The Black Embodiments Studio
Winter 2018 Residency
Directed by Dr. Kemi Adeyemi
Assistant Professor of Gender, Women & Sexuality Studies
The Black Embodiments Studio is a writing residency that brings graduate students from a range of disciplines and knowledge-based practices together to query how definitions of blackness are produced and expressed through visual, aural, and affective realms—engaging three domains that underwrite the physical and metaphysical dimensions of inhabiting black skin. In focusing on embodiments, plural, The Studio highlights the term as a verb that invokes activity and movement, as well as the temporary and fleeting. The language of embodiments clears space to consider the repeated, performative constitution of blackness while remaining attuned to the material consequences of being black; attending, in other words, to the traumatic legacies of being black that are continually reinvigorated by spectacular violence done to black people as much as the quotidian, often-mundane moments where blackness is produced outside of (while never being inextricable from) a rhetoric of violence.
The Black Embodiments Studio thereby provides residents a structure of support to critically engage the diverse politics, practices, and pleasures surrounding black embodiments since the 1970s. Residents are steeped in a variety of aesthetic practices including dance, visual art, sound, and new media, and critical, theoretical standpoints emanating from art history, performance studies, critical race studies, and more. Crucially, residents gain intimate access to artists, scholars, and curators invited to be “in residence” with The Studio, as their work on contemporary black embodiments models the innovation, accessibility, and criticality that residents strive for in their own writing. Guests such as the artist Liz Mputu (Fall ’17) give public presentations on their practice and participate in closed workshops with residents.
Residents of The Black Embodiments Studio will meet 5-6 times over Winter quarter in a 2- credit microseminar where they will deeply engage with innovative modes of writing and of presenting information that will enhance their critical dexterity surrounding race, blackness, and embodiments. The brief syllabus will be composed of writing that bridges academic, contemporary arts writing, and writing for the public sphere, paying particular attention to the genre of exhibition catalogs and reviews. During this time, residents will also develop and workshop at least 1 piece of short-form (600-2,000 words), publishable arts criticism concerning black embodiments, developing their writing to be accessible to multiple audiences and shaping their practice as public intellectuals. This writing is meant for outlets that press against the boundaries of academic writing, such as Performa Magazine, Art Lies, and Artforum and the journal of the Jacob Lawrence Gallery, Monday; but may also be incorporated into larger thesis projects or to serve as starting points for longer, scholarly peer-reviewed articles. The quarter’s guest resident is Sampada Aranke, whose book Death’s Futurity: The Visual Culture of Death in Black Radical Politics is forthcoming, and whose essays on the art of the Black Panther Party, Faith Ringgold, Saidie Barnett, David Hammons, and more have been commissioned by the Charlie James Gallery, the Tate Modern, and e-Flux, to name but a few.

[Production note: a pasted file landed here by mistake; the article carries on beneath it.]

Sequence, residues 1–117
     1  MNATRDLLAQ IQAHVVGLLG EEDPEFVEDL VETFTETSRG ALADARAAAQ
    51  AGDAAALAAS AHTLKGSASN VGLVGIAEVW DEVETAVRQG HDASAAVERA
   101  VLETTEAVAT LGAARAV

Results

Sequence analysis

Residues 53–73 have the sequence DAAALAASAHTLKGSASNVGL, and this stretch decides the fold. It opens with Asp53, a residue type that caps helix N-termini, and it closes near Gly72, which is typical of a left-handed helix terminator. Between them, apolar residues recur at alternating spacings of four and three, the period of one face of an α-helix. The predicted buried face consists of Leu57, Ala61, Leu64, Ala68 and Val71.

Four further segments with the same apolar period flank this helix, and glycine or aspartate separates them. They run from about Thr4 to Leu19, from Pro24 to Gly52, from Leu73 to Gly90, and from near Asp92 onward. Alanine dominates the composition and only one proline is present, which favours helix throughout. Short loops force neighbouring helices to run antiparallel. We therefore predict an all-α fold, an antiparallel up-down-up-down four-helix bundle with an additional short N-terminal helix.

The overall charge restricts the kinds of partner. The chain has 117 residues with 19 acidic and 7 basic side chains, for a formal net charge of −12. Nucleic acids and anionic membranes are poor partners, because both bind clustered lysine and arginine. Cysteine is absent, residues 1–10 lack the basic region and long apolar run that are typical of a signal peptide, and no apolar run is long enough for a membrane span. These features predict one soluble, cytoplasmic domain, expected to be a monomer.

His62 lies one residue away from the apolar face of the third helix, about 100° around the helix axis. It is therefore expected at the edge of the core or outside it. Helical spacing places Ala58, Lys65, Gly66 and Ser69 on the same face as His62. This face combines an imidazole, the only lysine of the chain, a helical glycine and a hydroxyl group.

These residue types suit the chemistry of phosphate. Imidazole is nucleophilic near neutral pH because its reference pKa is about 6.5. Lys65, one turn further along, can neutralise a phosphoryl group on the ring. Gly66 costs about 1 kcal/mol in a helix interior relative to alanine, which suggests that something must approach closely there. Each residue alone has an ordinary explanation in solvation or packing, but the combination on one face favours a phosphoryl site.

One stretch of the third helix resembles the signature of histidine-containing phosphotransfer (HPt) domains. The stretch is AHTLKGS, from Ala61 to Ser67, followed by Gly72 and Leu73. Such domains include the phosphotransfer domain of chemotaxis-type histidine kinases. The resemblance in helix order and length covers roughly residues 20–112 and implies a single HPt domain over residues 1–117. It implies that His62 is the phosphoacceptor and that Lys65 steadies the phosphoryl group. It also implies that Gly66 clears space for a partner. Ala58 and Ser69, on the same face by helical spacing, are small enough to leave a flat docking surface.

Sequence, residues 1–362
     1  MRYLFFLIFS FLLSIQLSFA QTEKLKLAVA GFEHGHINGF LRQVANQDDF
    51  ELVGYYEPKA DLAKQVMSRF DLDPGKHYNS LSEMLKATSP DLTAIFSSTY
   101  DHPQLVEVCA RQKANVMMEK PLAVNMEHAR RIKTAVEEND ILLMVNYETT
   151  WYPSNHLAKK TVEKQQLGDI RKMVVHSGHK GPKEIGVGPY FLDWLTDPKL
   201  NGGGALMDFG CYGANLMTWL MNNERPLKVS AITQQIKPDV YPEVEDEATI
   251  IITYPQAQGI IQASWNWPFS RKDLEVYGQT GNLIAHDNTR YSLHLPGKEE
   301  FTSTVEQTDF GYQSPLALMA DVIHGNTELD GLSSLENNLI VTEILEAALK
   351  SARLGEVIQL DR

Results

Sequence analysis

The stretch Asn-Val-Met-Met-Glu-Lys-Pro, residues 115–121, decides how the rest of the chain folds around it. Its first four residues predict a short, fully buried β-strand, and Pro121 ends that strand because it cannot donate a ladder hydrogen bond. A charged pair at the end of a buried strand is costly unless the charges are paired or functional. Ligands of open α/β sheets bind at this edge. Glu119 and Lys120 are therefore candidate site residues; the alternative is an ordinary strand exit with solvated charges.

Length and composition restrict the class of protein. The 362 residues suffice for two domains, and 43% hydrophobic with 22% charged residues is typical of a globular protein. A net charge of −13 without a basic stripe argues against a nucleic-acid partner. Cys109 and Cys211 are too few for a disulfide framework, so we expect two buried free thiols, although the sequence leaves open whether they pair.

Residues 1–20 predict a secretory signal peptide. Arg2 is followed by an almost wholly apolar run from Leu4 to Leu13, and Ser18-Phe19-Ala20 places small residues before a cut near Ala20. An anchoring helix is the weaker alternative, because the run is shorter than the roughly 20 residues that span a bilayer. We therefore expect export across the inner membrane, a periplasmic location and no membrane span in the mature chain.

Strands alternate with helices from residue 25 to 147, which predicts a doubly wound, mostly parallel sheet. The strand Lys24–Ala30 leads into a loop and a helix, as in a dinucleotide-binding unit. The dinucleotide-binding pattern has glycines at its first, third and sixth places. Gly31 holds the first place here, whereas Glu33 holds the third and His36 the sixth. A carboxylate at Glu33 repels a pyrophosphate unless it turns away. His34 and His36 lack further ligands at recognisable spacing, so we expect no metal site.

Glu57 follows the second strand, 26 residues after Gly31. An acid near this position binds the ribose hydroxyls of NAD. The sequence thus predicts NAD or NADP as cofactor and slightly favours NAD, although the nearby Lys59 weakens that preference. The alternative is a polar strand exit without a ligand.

While The Black Embodiments Studio centers racial blackness, The Studio will be of interest to all students invested in thinking through the intersections of racialization, visual cultures, and critical writing practices. Interested graduate students should submit a 2-page Letter of Inquiry in PDF format to Dr. Kemi Adeyemi (email@example.com) by December 22, 2017, 5 pm PST. This letter should detail the applicant’s own critical practice, how thinking through black embodiments may be generative to it, and what they hope to gain from the methods of engagement offered by The Studio. 10 residents will be notified of acceptance via email by January 1, 2018.